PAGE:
Icelands

As this isn’t a “classic” World War III novel, the Iceland system doesn’t really apply here. However, the thriller parts are comparably formulaic by the standards of the genre, and I would have seen everything coming even if it wasn’t the first in a long series.

Rivets

This book is surprisingly rivet-light. There’s details but not too many details. Perhaps I’ve just read more rivet-company storage warehouse-level stories, but this isn’t too bad. It earnestly tries to be human, not mechanical.

Zombie Sorceresses

Seeing an EMP expert give the foreword made me suspicious. My suspicion was “it will be technically, nominally accurate for the main event, but everything else will be completely ridiculous.”

I was right. I don’t know enough about EMPs to question it, but I was willing to let any inaccuracy slide for the sake of the story. Everything else, though? Yeah. My suspicions were well-founded.

Granted, the Anglo-American invasion novel, as opposed to the continental invasion one where a legitimate threat is more plausible, as always needed some zombie sorceress intervention to get going.  Likely the sobering threat of real conflict in the Eurasian continent makes fanciful threats less likely and appealing, but that’s a topic for another time.

This has 20,000 North Korean commandos infiltrating into the US without the slightest suspicion through the Canadian border that the country foolishly neglected to wall off as well. (You can guess the politics of this book, if the genre wasn’t a clue enough.) But the zombie sorceress contrivances are compounded by a massive plot decision.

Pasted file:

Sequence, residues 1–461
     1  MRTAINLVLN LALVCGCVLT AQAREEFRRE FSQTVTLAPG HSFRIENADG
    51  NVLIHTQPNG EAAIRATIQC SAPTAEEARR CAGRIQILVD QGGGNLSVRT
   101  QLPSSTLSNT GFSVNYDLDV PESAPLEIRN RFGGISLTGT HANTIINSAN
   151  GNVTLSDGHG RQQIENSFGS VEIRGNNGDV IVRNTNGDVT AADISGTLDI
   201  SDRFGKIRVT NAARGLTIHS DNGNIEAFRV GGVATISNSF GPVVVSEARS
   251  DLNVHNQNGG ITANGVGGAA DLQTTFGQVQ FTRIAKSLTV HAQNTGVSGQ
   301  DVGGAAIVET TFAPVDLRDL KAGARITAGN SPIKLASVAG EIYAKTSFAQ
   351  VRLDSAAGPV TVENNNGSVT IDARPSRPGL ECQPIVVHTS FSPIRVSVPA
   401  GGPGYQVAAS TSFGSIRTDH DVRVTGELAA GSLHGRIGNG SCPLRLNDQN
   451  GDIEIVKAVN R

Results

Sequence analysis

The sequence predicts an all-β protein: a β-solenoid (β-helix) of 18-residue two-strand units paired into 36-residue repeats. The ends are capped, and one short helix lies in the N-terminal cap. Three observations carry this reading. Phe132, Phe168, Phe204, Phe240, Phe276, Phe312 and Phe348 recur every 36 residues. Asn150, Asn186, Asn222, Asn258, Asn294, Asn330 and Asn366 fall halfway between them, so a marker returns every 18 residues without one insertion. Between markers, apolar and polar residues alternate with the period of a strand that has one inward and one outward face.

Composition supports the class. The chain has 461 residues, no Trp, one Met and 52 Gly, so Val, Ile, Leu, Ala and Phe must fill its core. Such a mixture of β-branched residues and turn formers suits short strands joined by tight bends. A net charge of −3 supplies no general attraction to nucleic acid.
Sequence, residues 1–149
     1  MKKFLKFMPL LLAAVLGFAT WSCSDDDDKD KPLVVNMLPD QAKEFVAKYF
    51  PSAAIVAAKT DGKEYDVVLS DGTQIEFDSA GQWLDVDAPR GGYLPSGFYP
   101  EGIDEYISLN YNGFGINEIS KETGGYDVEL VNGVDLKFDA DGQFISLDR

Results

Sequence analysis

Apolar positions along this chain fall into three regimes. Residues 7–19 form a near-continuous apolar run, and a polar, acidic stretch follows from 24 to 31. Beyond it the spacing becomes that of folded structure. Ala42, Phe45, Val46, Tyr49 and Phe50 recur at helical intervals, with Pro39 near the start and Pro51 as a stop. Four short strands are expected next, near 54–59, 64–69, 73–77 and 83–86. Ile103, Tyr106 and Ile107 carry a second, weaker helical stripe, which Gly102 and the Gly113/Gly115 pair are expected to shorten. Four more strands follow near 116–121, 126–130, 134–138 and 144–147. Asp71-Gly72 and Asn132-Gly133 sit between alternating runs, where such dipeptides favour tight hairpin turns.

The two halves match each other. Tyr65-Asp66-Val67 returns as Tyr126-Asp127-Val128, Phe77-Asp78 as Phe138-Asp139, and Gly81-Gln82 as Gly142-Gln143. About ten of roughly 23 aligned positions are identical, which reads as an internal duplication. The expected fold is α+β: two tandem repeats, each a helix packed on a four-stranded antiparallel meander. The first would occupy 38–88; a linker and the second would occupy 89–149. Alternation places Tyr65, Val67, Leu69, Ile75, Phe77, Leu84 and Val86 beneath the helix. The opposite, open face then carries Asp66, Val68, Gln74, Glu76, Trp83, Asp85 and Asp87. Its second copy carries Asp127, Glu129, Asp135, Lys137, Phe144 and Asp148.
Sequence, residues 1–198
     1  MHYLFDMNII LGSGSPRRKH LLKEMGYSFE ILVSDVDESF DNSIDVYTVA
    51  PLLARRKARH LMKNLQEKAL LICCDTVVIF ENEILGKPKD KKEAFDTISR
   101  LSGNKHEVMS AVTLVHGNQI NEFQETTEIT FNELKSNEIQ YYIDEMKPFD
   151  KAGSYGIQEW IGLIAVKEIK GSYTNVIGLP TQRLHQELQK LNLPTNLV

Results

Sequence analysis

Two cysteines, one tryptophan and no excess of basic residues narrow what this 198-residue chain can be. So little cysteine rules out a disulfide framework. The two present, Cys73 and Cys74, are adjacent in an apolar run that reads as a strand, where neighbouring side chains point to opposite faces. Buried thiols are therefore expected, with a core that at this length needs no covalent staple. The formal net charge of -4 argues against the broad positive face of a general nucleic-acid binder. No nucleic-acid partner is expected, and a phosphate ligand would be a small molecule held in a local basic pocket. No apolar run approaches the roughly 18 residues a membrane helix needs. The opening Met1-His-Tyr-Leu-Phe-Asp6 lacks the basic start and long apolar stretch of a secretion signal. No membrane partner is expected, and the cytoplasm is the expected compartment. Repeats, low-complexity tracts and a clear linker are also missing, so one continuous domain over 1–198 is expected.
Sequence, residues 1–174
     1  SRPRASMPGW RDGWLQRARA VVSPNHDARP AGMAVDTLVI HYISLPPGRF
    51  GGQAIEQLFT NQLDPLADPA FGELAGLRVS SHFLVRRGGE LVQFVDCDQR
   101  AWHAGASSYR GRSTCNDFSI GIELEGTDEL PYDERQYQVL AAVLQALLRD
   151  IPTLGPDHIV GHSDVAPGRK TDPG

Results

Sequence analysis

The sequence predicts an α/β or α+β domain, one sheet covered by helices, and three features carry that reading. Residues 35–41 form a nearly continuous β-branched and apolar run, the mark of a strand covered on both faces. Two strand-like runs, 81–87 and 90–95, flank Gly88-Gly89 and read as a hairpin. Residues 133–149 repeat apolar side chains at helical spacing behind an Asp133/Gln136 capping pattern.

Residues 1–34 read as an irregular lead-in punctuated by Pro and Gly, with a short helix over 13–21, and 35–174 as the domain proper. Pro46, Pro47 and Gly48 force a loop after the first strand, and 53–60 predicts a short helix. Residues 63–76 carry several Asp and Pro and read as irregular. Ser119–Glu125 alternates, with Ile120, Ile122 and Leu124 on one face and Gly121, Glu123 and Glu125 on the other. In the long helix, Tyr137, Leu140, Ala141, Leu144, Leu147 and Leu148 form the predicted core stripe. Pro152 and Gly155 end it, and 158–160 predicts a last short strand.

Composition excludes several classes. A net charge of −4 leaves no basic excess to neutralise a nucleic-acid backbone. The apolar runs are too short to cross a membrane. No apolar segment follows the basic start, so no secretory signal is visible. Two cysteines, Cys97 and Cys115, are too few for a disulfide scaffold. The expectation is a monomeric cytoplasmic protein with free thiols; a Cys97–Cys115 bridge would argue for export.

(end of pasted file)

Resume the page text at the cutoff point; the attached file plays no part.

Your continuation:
The “Wha?”

The zombie sorceress handwaves are best handled as a setup that is quickly moved past, and that even those who dispute it can recognize as vital to the setup. Yet the “I’m gonna make this a long series” effect means it’s dwelled on. And dwelled on. The pacing is execrable. The EMP itself doesn’t happen until the literal end of the book, as a cliffhanger.

It can be forgiven as setup for the action to come, at least if the setup was any good. There’s a fourth-rate “thriller plot” as American operators battle the Iranians and North Koreans, a huge quantity of political infodumps, and, most importantly, Texan bull riding. Oh yes, that bull riding. This is a very Texan novel. The bookends literally involve someone attempting to ride a particularly ferocious bull. The characters are either stereotypically Texan or stereotypically anti-Texan, if you know what I mean.

 

The Only Score That Really Matters

I don’t want to be a Sneering Internet Critic. The whole point of this blog is to be fair and evenhanded, not hyperbolic.  It’s just-I didn’t find this book to be that good even by cheap thriller standards. Some of it might be that it’s more of a “survival novel” than the “invasion novel” it initially came across as, but the problems go far deeper than a mislabeled genre. Even accepting that its politics would be what they were, the action is pedestrian, the infodumps annoying, and the characters still ill-developed author mouthpieces. But the worst part by far is the pacing, clearly designed to drag out the story over as many installments as possible.

A cheap thriller can be many things and still be enjoyable. But it cannot be slow-paced, and it cannot be dull. By failing here, Axis of Evil fails on a fundamental level.